Saudi Arabia is called "the land of the two holy mosques", a reference to Mecca and Medina, Islam's two holiest places and as such can perhaps be considered the ‘centre of Islam’.
Human rights in Saudi Arabia (Wikipedia)
“The situation of human rights in Saudi Arabia is generally considered to be very poor. Under the authoritarian rule of the Saudi royal family, the Kingdom of Saudi Arabia has enforced strict laws under a doctrine of Wahabism (a fundamentalist interpretation of sharia, Islamic religious law). Many basic freedoms as described in the Universal Declaration of Human Rights do not exist; it is alleged that capital punishment and other penalties are often given to suspected criminals without due process. Saudi Arabia has also come under fire for its oppression of religious and political minorities, torture of prisoners, and attitude toward foreign expatriates, homosexuality, and women”.
Amnesty International – Saudi Arabia and the Death Penalty (abridged and edited)
’Saudi Arabia has one of the highest rates of executions in the world in both absolute numbers and per capita and has expanded the scope of the death penalty to cover a wide range of offences, including offences without lethal consequences. Saudi Arabia’s scope of the death penalty is so wide that it can apply to any act deemed by the government and the courts to amount to ''corruption on earth”. Scores of people are executed, after summary trials that offer them no opportunity to defend themselves and almost no protection against miscarriages of justice. Often, the first warning a prisoner has of their imminent death (by beheading) is when they are taken out of their cell in handcuffs on a Friday [the day of prayer] and taken to a public square and forced to kneel.’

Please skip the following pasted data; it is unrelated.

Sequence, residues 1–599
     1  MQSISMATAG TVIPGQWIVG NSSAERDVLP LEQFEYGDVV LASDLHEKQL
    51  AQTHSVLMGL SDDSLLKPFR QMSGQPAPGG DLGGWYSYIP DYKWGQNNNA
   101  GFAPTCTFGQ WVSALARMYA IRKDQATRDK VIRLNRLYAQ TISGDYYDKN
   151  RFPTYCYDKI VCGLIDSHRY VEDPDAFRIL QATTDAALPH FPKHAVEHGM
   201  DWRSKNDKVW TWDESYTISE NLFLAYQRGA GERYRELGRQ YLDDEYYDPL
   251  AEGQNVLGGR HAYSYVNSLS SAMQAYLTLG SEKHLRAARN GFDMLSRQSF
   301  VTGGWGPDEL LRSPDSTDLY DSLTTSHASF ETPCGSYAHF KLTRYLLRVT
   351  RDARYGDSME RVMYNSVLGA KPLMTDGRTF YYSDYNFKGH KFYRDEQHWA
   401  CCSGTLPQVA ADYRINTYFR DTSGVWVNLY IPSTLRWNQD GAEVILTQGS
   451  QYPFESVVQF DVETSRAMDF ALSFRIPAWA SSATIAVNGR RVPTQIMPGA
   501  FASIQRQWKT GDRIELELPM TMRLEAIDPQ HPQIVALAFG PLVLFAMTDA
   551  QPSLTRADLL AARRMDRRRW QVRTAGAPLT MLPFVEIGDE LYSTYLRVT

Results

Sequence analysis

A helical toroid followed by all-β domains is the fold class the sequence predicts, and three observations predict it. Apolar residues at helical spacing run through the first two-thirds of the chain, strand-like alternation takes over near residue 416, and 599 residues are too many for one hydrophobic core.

‘Amnesty International does not know whether they are allowed to see a representative of their religious faith before they are executed, or whether an appropriate religious ceremony is conducted before, during or after death. What it does know, from testimonies given by former prisoners and relatives of the victims, is that foreign nationals are rarely if ever allowed to see their loved ones before they are executed and that remains cannot be shipped home (outside countries) for burial.’
A particularly unsavoury aspect of Saudi Arabian law is “the lack of safeguards to ensure that the death penalty is not imposed on anyone aged under 18 at the time of the offence. This defect remains despite Saudi Arabia's accession to the UN Convention on the Rights of the Child in 1996, which explicitly prohibits capital punishment for anyone aged under 18.” ‘It is noteworthy that the Islam-based regulations applicable in Saudi Arabia never impose capital punishment for offences committed by persons below the age of puberty,'' but it does not define when puberty is reached.’ That implies that it is likely perhaps that 12 to 17 year olds can and are being executed.
Amnesty International's recommendations for the Saudi Authorities to improve this situation apparently go unheeded.
Amnesty International’s advice to the rest of the world, should best not go unheeded
The scale and gravity of human rights violations in Saudi Arabia is untenable by any legal or moral standard. However, the responsibility for the human rights situation in Saudi Arabia is not the government's alone. It is also the responsibility of the international community [all of us], which has failed to hold Saudi Arabia to account for its persistent violations of human rights.